Modern science tells us the vagina is a self-cleaning machine, a delicate wonderland of flora and bacteria that generally does fine if left alone. And yet, people keep insisting on putting things up there. Sure, unscented tampons are fine, as are hygienic sex toys and anything prescribed to you by a doctor, but here’s a list of a whole mess of things we’ve run across recently that are designed to row up your canal, and why you maybe shouldn’t do that.
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The most recent vaginal trend is glitter, which makes no sense because have you ever tried to clean glitter out of anything? It stays where it is literally forever. But that didn’t stop Pretty Women Inc. from marketing “Passion Dust,” a “sparkalized capsule that is inserted into the vagina at least 1 hour prior to having sexual intercourse.” Why? Because it makes your genitals sparkly and taste like candy.
Pretty Women Inc. does warn that some particles could trigger an asthma attack during oral sex, and we’re pretty sure whatever is making it taste like candy is a recipe for a yeast infection. In an oddly defensive FAQ section, argue that “people love to have opinions” about what you put in your vagina (people meaning gynecologists) and “If you’ve ever had vaginal issues you had them before you used Passion Dust anyway.” Fair enough, and hey, Passion Dust looks like it’s out of stock. Still, if you want sparkly genitals just get vajazzled.
“Vaginal Kung Fu” is not a phrase I thought I’d read today but 2017 brings surprises every day. Anyway, Intimacy Coach Kim Anami doesn’t actually put whole surfboards in her vagina, but she does lift them with her pelvic muscles by tying one end to our favorite GOOP product, the jade egg, and then basically doing kegels. Maybe someday you’ll be able to lift a surfboard with your vagina, but don’t do it without training first.
Remember that guy who thought the solution to period woes was to glue your labia shut? And that the sensation would be like that “kind of fun” feeling when your lips stick together from too much lip gloss? And how he insisted it’d be hygenic even though it’s not like it’d create a hermetic seal? He also is developing a panty liner that transfers a powder to your vulva, which will create a labia seal if you prefer that. But, you know, don’t.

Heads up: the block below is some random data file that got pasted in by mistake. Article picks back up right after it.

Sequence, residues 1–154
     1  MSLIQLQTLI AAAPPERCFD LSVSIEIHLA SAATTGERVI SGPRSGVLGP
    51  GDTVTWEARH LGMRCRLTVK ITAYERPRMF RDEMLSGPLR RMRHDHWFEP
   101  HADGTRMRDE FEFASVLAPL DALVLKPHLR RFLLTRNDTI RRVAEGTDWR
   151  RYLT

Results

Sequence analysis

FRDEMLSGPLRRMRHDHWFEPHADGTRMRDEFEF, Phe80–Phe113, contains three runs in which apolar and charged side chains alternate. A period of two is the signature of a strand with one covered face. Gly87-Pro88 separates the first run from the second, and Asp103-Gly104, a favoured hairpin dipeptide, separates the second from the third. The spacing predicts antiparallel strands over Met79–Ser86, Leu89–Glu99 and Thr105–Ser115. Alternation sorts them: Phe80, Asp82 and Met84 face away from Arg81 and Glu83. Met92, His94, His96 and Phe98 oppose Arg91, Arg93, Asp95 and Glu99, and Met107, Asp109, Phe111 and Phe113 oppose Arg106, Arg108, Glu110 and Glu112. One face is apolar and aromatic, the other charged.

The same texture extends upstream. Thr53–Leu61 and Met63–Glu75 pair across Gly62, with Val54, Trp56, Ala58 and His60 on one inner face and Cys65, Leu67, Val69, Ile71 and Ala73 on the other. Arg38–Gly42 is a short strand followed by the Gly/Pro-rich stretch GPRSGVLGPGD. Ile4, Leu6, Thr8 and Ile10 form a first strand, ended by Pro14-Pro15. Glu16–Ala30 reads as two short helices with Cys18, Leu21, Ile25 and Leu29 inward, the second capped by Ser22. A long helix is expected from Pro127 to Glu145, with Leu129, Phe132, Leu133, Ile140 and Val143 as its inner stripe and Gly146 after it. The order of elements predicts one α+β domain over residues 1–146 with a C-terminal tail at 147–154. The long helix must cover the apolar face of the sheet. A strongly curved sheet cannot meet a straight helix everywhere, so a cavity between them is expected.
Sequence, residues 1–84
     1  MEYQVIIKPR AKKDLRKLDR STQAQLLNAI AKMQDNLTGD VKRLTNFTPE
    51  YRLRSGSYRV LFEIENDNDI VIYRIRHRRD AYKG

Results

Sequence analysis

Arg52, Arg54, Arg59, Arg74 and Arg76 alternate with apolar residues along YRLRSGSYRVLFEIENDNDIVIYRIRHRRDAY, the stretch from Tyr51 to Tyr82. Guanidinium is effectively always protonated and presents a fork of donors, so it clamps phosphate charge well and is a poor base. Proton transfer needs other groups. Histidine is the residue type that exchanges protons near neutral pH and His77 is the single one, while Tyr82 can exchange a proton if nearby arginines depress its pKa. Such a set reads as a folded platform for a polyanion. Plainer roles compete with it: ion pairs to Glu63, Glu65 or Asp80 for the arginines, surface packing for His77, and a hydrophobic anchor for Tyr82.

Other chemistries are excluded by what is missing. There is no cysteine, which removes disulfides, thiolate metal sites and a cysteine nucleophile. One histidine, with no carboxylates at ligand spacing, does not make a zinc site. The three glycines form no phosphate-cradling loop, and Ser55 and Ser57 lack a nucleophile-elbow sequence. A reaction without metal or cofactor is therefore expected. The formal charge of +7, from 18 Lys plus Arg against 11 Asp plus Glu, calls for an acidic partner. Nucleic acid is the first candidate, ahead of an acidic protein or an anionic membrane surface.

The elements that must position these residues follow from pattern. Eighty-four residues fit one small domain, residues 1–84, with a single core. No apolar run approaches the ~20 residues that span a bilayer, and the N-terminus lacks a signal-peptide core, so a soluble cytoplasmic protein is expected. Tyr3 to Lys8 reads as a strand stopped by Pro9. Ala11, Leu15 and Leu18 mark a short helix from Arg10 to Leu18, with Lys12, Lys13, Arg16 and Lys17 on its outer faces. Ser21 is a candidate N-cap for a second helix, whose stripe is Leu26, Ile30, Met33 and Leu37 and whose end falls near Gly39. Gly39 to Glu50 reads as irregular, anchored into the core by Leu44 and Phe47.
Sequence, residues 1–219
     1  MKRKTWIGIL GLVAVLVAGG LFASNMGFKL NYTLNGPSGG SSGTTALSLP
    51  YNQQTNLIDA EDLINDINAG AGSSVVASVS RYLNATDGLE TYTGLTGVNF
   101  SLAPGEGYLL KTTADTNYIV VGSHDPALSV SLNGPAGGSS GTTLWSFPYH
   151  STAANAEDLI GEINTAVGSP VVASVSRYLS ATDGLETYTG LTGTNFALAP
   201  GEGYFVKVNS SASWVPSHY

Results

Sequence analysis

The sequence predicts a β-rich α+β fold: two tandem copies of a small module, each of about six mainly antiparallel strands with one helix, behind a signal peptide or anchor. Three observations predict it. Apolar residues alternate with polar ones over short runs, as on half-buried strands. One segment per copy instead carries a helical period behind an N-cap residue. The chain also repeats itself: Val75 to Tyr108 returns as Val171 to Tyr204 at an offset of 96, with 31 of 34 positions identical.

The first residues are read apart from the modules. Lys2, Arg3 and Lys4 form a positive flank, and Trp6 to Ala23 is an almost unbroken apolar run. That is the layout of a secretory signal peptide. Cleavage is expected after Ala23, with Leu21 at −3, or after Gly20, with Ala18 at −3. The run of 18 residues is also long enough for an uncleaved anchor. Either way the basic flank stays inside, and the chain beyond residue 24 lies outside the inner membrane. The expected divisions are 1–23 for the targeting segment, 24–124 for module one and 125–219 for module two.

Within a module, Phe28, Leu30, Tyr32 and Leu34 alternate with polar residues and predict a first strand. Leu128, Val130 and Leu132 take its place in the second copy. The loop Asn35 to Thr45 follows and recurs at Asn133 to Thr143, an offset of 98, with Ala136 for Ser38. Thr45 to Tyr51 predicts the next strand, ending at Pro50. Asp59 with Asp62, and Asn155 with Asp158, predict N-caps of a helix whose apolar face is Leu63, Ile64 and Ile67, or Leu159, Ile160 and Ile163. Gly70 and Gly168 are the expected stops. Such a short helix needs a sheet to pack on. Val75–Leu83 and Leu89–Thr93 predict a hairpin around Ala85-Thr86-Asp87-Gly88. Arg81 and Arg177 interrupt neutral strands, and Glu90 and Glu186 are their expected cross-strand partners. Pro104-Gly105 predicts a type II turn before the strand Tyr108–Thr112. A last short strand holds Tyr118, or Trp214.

For a hot second some people were buying oak gall, a calcification that forms when wasps lay their larvae in oak trees, and mixing it with other herbs to make vaginal suppositories. Basically every medical professional was like “please, no.”
As Theodora Sutcliffe wrote for Broadly, ozone gas has been marketed as a cure-all for over a century. Vaginal ozone therapy claims to use the gas’s anti-bacterial properties to help with yeast infections and general pain. But the FDA says ozone is a “toxic gas with no known useful medical application in specific, adjunctive, or preventive therapy. In order for ozone to be effective as a germicide, it must be present in a concentration far greater than that which can be safely tolerated by man and animals.”
Gwyneth Paltrow famously espoused the benefits of the Mugwort V Steam, as mugwort allegedly contains anti-fungal things and balances hormone levels and cleanses your uterus. Ok. Hot water vapor may not seem like the worst idea for cleaning your vagina, since that’s basically what happens when you shower, but doctors say the procedure is pointless at best and actively harmful at worst. It seems iffy that the steam would even reach one’s uterus, and there have been cases of women dying from filling their vaginas with water or air pressure. So yeah, maybe don’t.
Before the pill, douching after sex was a common form of birth control, and many hygienic products ran suggestive ads directed to women who were looking for something to use as a rinse. One of those was Lysol, even though use of the anti-bacterial soap had caused death from uterine irrigation. Aside from a birth control method, Lysol advertised to women as a way to control vaginal odor and “ensure feminine daintiness.” We’ll take a healthy vaginal lining over daintiness any day.